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Taxonomic studies of Strophariaceae (Agaricales) in south-east Tasmania

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Yu, Shyun Chang (1992) Taxonomic studies of Strophariaceae (Agaricales) in south-east Tasmania. PhD thesis, University of Tasmania.

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Abstract

This project is a study of the family Strophariaceae utilizing comparative morphology,
electrophoresis of extracellular enzymes and mating compatibility approaches. The
study has found macromorphology to be effective in the delineation of taxa in the
majority of cases.
Isozyme profiles of extracellular laccase, pectinesterase and polygalacturonase are found
to be species distinctive in most species across the genera of this family. The one
exception found is Hypholoma whose species show a certain degree of
conservativeness in the enzymes examined in the study. This approach is found to be
useful in establishing putative species groups which can then be further investigated
through mating studies.
The multifaceted approach employed in the study has successfully resolved the
relationships between Psi locybe subaeruginosa and P. australiana, P. eucalypta and
P. tasmaniana, identified sibling species in both Stropharia and Pholiota, and
established Pholiota. squarrosipes Clel. and P. multicingulata Horak as species
showing a wide range of morphological variations. It is suggested from this study that
P. multicingulata sensu lato may encompass P. multicingulata Horak and P.
austrospumosa Hongo forming the southern hemisphere equivalent of Pholiota
spumosa complex. In addition, a multifaceted approach such as that adopted in the
study also lends support to the applicability of the common species concept proposed for
Hymenomycetes in the family Strophariaceae.
Results gained have enabled a confident approach to the separation and enumeration of
species within the family. Results from electrophoresis show that delineation of taxa can
be achieved through distinctions in zymogram patterns. For example, the recently described species Psilocybe australiana Guzman & Wading, P. eucalypta Guzman &
Watling and P. tasrnaniana Guzman & Wading are shown to be synonymous with P.
subaeruginosa Clel. In this particular case, the considerable degree of similarity in
zymogram patterns is highly indicative of a single species and this conclusion is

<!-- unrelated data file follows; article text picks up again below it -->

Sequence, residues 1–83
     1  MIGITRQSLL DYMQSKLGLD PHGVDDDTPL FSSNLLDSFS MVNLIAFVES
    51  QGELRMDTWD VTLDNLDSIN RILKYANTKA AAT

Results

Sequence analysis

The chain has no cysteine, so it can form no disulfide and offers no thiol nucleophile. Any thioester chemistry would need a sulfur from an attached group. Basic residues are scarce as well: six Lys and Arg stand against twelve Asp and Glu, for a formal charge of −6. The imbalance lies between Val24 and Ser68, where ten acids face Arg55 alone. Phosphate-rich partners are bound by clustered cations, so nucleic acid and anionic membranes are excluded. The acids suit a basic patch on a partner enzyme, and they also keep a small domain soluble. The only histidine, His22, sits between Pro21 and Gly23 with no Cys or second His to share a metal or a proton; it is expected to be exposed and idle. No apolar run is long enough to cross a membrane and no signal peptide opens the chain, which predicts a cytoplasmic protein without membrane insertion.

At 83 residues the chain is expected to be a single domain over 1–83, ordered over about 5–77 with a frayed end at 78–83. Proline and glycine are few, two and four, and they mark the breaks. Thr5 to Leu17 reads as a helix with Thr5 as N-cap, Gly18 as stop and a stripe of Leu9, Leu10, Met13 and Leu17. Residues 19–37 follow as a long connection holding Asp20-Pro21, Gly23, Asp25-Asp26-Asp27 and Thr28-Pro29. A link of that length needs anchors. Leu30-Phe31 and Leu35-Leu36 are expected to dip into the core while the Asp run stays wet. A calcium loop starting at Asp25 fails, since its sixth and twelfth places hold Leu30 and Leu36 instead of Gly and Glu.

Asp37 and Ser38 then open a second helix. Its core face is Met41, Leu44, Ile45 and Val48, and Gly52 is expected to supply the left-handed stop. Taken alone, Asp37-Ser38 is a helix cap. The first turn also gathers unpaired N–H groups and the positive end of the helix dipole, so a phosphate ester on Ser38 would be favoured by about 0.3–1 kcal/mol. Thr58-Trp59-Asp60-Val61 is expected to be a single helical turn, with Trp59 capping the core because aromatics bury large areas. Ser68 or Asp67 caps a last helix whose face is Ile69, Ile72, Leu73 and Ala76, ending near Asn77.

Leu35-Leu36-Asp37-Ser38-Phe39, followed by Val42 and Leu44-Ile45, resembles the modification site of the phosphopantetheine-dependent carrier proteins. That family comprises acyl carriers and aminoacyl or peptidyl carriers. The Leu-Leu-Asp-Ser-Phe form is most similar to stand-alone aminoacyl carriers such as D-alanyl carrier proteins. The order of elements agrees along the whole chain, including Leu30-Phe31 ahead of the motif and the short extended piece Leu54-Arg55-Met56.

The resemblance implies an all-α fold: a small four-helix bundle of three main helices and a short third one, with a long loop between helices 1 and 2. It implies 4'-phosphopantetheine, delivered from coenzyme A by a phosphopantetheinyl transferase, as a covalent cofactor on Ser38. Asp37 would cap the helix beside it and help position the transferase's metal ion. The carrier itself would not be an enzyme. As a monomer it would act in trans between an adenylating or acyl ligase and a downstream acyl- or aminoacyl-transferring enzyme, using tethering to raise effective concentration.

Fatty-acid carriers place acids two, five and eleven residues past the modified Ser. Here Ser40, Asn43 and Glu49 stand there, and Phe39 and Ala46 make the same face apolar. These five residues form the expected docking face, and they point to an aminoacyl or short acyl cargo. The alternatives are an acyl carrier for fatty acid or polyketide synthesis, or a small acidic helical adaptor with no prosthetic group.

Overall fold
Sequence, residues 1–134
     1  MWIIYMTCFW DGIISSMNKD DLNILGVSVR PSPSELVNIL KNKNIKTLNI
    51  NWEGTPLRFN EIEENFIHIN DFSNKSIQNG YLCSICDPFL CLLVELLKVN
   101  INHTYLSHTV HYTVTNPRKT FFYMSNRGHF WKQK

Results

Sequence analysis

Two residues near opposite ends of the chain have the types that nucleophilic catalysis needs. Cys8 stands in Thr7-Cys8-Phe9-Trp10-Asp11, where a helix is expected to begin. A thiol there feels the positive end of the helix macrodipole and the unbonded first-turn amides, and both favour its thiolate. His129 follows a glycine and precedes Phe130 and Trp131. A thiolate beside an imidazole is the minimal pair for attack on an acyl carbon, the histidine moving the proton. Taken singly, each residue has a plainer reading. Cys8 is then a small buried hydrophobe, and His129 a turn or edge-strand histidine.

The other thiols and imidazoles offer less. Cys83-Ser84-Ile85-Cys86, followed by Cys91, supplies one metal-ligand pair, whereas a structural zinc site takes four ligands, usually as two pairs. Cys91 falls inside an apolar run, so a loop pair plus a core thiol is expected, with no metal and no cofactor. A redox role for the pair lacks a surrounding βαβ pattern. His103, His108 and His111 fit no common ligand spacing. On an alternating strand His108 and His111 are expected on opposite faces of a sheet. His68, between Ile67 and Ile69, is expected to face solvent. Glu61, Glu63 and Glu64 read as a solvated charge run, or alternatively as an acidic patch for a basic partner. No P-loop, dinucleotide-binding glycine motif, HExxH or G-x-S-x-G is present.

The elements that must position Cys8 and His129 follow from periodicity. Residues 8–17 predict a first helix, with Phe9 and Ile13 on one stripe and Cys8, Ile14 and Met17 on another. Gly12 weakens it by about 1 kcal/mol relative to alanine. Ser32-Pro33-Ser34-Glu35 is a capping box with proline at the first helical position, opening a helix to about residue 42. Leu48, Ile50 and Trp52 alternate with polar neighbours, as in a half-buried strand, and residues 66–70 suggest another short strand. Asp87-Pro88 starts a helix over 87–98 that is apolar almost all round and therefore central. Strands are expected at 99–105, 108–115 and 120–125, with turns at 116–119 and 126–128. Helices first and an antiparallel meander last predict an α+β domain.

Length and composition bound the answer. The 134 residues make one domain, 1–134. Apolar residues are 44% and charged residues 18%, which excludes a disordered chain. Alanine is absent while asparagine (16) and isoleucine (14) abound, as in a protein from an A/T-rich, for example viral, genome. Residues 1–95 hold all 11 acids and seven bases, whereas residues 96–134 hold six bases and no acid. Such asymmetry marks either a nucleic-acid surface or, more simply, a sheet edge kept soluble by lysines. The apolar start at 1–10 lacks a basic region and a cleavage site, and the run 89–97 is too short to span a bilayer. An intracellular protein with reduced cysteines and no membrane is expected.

supported by mating studies. Diagnostic morphological characters used in previous
studies to differentiate these taxa are shown to be invalid.
The phenomenon of sibling species is not uncommon in fungi. Electrophoretic analyses
showed that within the genera of Stropharia and Pholiota sibling species were
concealed within common morphological entities. This is exemplified in the
semiglobata-like forms in Stropharia. Within this single morphological entity, two
distinct species were identified by comparison of isozyrne profiles and UPGMA cluster
analysis using band frequencies, later the segregation was confirmed by mating
compatibility studies.
The study has confirmed the use of enzyme electrophoresis as a useful technique when
applied to a wide range of species across a family from the Agaricales. When this
technique is used in conjunction with mating compatibility study, findings from
electrophoresis have been complimented and confirmed by those from mating. Thus,
the study has avoided some of the problems associated with a purely morphological
approach, and as illustrated by the case of Psilocybe subaeruginosa the multifaceted
approach employed here allows much more confidence to be placed on the described
boundaries of the species studied.
31 taxa are delineated from the study, and of these, eight are previously undescribed
species and one being a new variety.

Item Type: Thesis (PhD)
Keywords: Strophariaceae, Agaricales, Strophariaceae
Copyright Holders: The Author
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Additional Information:

Includes bibliographical references (leaves 167-180). Thesis (Ph.D.)--University of Tasmania, 1993

Date Deposited: 25 Nov 2014 00:45
Last Modified: 11 Mar 2016 05:55
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